In addition, the injured employee will have to navigate unfamiliar surroundings, coordinate transport, and may face a language barrier.

2. Kidnap and Ransom

What is the response if a key executive is kidnapped and held for ransom in a foreign country? This situation would be high stress anywhere, but when it happens abroad, there is the added challenge of locating the kidnapped employee and bringing them home.
“Along with having a safety plan in place, particularly when operating in higher hazard areas, it’s also critical to partner with an experienced response provider. Time matters in these situations and having a partner who operates as an extension of your team is essential to give you the best chance of having a successful outcome,” says Kevin Nolan, head of multinational at The Hartford.
In a kidnap and ransom scenario, there is also the possibility the employee can be injured – highlighting the importance of coordinating services and coverages. Whether a kidnap and ransom, business travel accident or workers’ compensation policy is triggered affects the vendors that will be called into action and how these actions will be financed.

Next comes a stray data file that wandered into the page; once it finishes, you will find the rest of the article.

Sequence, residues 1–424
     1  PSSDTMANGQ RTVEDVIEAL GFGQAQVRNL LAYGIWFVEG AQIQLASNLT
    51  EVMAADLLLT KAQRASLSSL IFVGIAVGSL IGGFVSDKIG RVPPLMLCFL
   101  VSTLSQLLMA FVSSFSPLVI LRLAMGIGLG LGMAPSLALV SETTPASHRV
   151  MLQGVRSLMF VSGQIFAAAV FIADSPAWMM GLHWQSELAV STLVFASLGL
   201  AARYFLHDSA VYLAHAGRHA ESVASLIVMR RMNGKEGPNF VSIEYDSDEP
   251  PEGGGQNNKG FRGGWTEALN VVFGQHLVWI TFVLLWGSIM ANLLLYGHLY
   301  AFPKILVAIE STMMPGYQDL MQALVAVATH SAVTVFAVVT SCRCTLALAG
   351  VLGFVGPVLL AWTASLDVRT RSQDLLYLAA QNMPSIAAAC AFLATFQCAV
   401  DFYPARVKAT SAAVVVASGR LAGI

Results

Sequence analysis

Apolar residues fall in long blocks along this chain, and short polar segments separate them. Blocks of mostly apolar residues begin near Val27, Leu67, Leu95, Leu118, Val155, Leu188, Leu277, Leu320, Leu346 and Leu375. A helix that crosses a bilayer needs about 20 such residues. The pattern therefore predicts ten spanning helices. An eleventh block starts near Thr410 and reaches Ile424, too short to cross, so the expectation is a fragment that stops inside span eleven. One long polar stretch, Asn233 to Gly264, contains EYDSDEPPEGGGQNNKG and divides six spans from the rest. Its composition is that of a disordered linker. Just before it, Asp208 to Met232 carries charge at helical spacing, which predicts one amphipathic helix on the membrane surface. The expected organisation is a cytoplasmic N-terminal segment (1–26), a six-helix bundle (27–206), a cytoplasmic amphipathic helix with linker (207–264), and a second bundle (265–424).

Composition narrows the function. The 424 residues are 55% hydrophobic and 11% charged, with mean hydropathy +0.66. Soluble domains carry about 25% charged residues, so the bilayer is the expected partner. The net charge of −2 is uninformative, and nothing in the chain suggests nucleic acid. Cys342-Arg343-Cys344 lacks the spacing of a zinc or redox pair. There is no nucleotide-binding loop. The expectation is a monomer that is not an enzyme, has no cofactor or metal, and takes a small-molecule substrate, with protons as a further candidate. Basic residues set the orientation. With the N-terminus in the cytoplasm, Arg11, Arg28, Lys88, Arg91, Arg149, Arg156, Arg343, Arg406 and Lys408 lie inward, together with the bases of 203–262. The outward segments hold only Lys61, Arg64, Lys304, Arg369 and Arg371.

“There are potential balance sheet implications with this type of event, and companies may have to contend with uncomfortable surprises like taxes or extra fees they could be responsible for,” says Bergbauer. “It’s critical for companies to understand how their multinational insurance program is structured, what policies will be triggered, and how they’ll pay when the worst happens.” 

3. Product Liability

Whether product liability coverage applies under domestic or foreign policy depends on where the:
  • Product was manufactured and sold